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New review: Does vitamin D supplementation help cancer patients?

Posted on: December 5, 2013   by  Rebecca Oshiro


In a recent review article published in Nutrition Reviews, a group of Australian researchers analyzed the vitamin D levels of cancer patients to determine how many were deficient in the vitamin and how this was affecting their health.

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8 Responses to New review: Does vitamin D supplementation help cancer patients?

  1. [email protected]

    Any comments about the a new study about Vitamin D?


    The first question I would have is what dosage of Vitamin D were they giving the people in the study group? Just the RDA or something close to it?

  2. Rebecca Oshiro

    The majority of the 37 studies analyzed in this review were observational and only looked at blood levels of vitamin D and how it correlated with various health outcomes. Of the trials that administered vitamin D, anywhere from 400 IU to to 14,000 IU per day was administered. Some of those trials administered D daily, others weekly.

  3. Rita and Misty

    Everyone needs to have a healthy 25(OH)D level.

    But, what is a healthy 25(OH)D level?

    Does a higher level prevent cancer and/or autoimmune disease?
    What level would this be?

    Could a higher level treat cancer and/or autoimmune disease?
    What level would this be?

    How can consensus be reached regarding definition of healthy 25(OH)D level?

    Is it 20 ng/ml?

    Is it 30 ng/ml–100 ng/ml?

    Is it 40 ng/ml–60 ng/ml?

    Is it 50 ng/ml–80 ng/ml?

    Is it possible that different health conditions require higher (or lower) levels?

    Is it possible that individuals are unique in their 25(OH)D requirements?

    (so many questions, so little time–and so little money)


  4. [email protected]

    Here’s a link to the abstract of the article that is discussed above (study casts doubt):


    Of the studies that the authors reviewed, I wonder what the longer term and higher Vitamin D dosage studies would show? Given the preponderance of evidence in other studies, I am puzzled by their assertion that “High 25(OH)D concentrations were not associated with a lower risk of cancer, except colorectal cancer.”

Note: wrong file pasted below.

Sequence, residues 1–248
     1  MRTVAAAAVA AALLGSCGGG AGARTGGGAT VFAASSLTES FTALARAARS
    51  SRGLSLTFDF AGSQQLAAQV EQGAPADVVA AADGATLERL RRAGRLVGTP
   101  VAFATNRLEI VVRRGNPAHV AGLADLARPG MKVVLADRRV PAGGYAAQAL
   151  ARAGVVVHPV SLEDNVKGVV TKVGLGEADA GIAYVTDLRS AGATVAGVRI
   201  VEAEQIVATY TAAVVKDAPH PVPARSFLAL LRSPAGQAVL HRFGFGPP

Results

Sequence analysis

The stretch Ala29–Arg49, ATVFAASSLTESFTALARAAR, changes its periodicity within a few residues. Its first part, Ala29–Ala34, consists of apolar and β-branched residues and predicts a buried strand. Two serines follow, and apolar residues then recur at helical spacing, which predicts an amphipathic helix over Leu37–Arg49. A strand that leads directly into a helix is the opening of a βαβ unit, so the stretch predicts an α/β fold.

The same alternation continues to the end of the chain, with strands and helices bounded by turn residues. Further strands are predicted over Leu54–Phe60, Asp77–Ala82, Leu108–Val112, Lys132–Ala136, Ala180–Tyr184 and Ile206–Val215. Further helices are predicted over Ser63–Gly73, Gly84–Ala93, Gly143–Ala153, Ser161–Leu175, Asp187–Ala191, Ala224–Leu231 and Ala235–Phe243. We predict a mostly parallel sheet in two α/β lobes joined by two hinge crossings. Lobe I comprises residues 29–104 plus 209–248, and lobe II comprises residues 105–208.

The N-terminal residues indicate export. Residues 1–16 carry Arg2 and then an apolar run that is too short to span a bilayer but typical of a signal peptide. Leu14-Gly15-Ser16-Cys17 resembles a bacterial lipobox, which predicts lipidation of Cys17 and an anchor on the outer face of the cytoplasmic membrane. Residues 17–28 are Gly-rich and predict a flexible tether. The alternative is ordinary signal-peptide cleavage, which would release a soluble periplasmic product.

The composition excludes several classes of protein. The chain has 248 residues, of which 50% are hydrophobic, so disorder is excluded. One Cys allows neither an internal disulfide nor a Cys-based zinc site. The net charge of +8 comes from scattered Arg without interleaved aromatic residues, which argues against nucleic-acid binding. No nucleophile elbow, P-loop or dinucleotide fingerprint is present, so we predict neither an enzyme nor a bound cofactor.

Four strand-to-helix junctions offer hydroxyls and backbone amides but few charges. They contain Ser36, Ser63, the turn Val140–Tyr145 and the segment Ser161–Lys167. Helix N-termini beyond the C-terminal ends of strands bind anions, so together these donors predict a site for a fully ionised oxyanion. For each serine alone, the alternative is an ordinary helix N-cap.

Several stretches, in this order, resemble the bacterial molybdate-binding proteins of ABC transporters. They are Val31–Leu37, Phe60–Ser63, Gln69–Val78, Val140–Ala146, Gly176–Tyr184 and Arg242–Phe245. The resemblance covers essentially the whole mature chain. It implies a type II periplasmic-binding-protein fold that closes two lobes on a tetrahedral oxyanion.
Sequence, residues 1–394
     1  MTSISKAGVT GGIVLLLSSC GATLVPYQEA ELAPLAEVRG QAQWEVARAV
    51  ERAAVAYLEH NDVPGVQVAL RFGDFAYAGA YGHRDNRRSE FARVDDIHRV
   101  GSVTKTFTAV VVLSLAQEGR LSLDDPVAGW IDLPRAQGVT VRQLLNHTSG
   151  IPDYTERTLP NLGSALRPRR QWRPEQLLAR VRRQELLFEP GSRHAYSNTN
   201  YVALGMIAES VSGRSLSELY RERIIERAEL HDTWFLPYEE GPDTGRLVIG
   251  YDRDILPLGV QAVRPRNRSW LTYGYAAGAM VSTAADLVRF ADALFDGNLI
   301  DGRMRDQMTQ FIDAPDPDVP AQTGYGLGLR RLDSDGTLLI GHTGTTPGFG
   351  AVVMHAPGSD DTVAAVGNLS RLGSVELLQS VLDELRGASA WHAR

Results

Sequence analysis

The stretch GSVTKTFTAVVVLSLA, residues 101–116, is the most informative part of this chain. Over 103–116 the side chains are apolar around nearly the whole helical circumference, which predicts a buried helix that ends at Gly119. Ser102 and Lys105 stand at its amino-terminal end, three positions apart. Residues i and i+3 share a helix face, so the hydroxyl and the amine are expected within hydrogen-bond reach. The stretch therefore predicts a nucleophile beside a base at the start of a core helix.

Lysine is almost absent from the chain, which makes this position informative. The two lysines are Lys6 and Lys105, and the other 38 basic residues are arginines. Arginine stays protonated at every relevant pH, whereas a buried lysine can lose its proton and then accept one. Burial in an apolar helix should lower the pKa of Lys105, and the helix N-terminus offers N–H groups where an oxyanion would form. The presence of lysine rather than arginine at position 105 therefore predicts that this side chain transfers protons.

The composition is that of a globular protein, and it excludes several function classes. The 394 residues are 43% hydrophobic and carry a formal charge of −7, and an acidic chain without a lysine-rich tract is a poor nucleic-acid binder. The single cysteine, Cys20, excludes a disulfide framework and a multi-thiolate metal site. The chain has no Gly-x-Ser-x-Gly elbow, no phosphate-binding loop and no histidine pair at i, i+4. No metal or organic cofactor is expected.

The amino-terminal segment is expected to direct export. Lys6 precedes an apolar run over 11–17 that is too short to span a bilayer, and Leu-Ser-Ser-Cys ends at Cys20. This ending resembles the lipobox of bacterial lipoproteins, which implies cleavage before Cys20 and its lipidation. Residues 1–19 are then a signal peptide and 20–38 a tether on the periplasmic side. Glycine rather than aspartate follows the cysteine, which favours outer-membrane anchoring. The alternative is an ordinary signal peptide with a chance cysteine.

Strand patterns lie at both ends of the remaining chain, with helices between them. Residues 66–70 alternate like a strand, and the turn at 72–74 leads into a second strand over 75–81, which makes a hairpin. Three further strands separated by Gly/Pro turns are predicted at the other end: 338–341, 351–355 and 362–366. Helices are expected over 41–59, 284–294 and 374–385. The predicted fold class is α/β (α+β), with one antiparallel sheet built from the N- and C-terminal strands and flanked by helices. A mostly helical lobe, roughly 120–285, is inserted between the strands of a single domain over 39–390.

5. Rita and Misty

    “All women over the age of 20 should take a daily dose of Vitamin D to reduce their chances of developing breast cancer, an expert claims.”

    Read more: http://www.dailymail.co.uk/health/article-2516241/Top-surgeon-calls-ALL-women-given-Vitamin-D-cut-breast-cancer–ballet-dancers-reveal-use-pills-strong.html#ixzz2mkScmH62
    Follow us: @MailOnline on Twitter | DailyMail on Facebook


    To me it seems that we live from study to study; and one study seems to contradict the next study. It’s very frustrating.

    I would think that anything that helps in lowering inflammation would also be very useful in lowering overall cancer risk.

    My opinion only…uncertain if it right or wrong, etc.


  6. Jeff Nicklas

    @westexas, we’ve now published a blog on that Lancet study: http://www.vitamindcouncil.org/blog/a-look-at-the-recent-lancet-review-study/

  7. Chris

    Mayo Clinic, Vitamin D and a form of leukemia:


  8. [email protected]

    There are 3 areas where Vitamin D may be helpful with cancer:

    * Prevention
    * Treatment
    * Reduce side effects

    Read more at: http://www.vitamindcouncil.org & http://www.grassrootshealth.net & http://www.vitamindwiki.com about how Vitamin D can help reduce the risk of cancer. Diet and lifestyle also play a big part

    If you are diagnosed with cancer, read as much as you can at these websites within the first 7 days to educate yourself.

    You may believe that the doctors are “gods” who are going to save your life, but you need to ask 2 key questions at every stage:

    1. What is the risk of this treatment and what success rate have you had ?
    2. “I understand that most treatment is designed to “kill” the cancer.
    What advice can you give me about helping my body to heal itself ?”

    Ask your doctor if you may take large amounts of Vitamin D and listen carefully to their reply

    Some cancer treatment can be enhanced by Vitamin D, so discuss this with your doctor

    Most doctors do not understand the effect of Nutrition & Exercise, so find an additional advisor like a Nutritionist, Dietitian or even a Chiropractor who does

    Reduce Side Effects
    Some cancer treatment, especially Aromatase Inhibitors given for 5 years after breast cancer surgery, cause horrendous aches and pains in joints. There are studies showing that high doses of Vitamin D can help reduce the pain

    At all stages you can read more at:

    http://www.vitamindcouncil.org Search by illness
    http://www.grassrootshealth.net Download the “Call-To-Action”
    http://www.vitamindwiki.com Read and search in 50+ languages
    http://www.vitamindassociation.org Watch videos from 4 conferences
    http://www.vitaminduk.com How much do I need

    Hope that this helps


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